Arequipa was as beautiful as ever; cobbled streets, an amazing plaza and one of the best lamb loins I have ever eaten. Arequipa also saw me doing one of the biggest solo shopping expeditions of my overlanding career. Talk about over stacking a trolley. I couldn't have fitted one more thing in it if I tried.

Puerto Inka was fun as was and involved me making some crazy dips as an appetizer one night. I have now perfected caramelized onions with tomato and balsamic vinegar. By far the favourite of the night.
In Nazca I slept under the stars in a swag to try and escape a roommate with a cold and a snoring habit. But the highlight of this trip was the dune bugging in Huacachina. OMG. It was amazing. The thrill of going flat out over sand dunes, almost 70 degrees vertically up, followed by 70 degrees vertically down in a machine with a V8 chevy engine and one supped up driver. I must say no rollercoaster will come close to that baby.

Ballestas Island and the best Ceviche I have tasted was next followed by a final ride home into Lima.
So begins my next, and final trip for Kumuka in South America. 4 pax from lima to Quito.

Lima to the heights of Huaraz, where the air was brisk and the curry hot. The potholed road on the way in made for interesting driving, as did some road diversions which resulted in me following my nose to where I thought the hostel was. Huanchaco and some camping so that we could see some Incan ruins followed by a few fun days in the beach town of Mancora and a few more in Punta Sal.

Let's just say the body I was looking at in Mancora was amazing but the horse I was riding in Punta Sal was a real beast. Talk about trying to control the wild one. One minute we're walking down the beach, working ourselves up to a trot and the next I am galloping full speed down the beach, trying to pull up and stay on at the same time. Apparently the speed I was going at was scary to look at but what can you do when your horse has a mind of its own....hold on I found out. No wonder my thighs where hurting the next day. I haven't had to hold on like that in years.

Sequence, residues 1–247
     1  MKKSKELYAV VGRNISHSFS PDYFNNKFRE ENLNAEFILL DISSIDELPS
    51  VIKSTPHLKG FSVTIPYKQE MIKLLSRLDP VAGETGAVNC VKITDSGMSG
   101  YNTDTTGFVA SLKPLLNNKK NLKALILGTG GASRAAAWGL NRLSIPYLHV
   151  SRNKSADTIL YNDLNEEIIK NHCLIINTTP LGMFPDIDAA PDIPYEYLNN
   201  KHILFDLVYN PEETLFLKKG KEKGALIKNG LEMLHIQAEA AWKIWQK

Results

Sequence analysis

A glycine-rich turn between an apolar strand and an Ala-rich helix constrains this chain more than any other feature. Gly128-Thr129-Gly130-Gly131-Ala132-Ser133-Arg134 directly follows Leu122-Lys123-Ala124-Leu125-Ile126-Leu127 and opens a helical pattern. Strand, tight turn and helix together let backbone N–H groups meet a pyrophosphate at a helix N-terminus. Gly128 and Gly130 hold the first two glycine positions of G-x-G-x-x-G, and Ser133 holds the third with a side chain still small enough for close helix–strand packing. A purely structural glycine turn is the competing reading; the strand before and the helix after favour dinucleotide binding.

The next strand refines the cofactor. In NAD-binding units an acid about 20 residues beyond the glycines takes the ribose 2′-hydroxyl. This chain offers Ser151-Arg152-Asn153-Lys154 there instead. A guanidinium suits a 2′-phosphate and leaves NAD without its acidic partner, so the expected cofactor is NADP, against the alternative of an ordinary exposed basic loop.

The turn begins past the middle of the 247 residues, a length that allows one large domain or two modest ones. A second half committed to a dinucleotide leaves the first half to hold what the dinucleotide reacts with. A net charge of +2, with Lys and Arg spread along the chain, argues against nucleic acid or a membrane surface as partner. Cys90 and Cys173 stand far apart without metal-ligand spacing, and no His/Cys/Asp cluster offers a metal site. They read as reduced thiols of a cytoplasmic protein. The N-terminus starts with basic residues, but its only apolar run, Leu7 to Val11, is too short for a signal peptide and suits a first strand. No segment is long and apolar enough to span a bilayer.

So a short trip over the border and hey presto we're in Ecuador and talk about a change in habitat. Banana plantations and lush tropical forest had me thinking I was back in Brazil.

Our destination and my location at the moment is the UNESCO listed city of Cuenca. Home of the Panama hat and a great chocolate brownie. Yes for those of you who don't know the Panama hat is not actually made in Panama but is made in Ecuador and more specifically in the areas surrounding Cuenca and Guayaquil.

One more day here and hopefully I will find the right one before we head on to Tena and a trip into the Jungle and then finally into Quito, my final destination for Kumuka. A few days with my adopted family in Uruguay before a few more in B.A and then a 14 hour flight home.

Who's ready for a catch up with yours truly?

Posted by Renae Jane 19:54 Comments (0)

The last of La Paz and the start of Peru

Rurrenebaque, Lake Titicaca and a mini holiday in Cusco

overcast 19 °C

Right now I am sitting in 'The Real McCoy's' in Cusco trying to digest a breakfast of eggs, bacon, tomato, beans, toast and chips. Those of you who have been here will appreciate why I have had to sit here for 45 minutes after eating it. The best thing about sitting here is that I have no Pax with me....they're all off doing the Inca Trail or Lares Trek leaving me to my own devices for 4 days.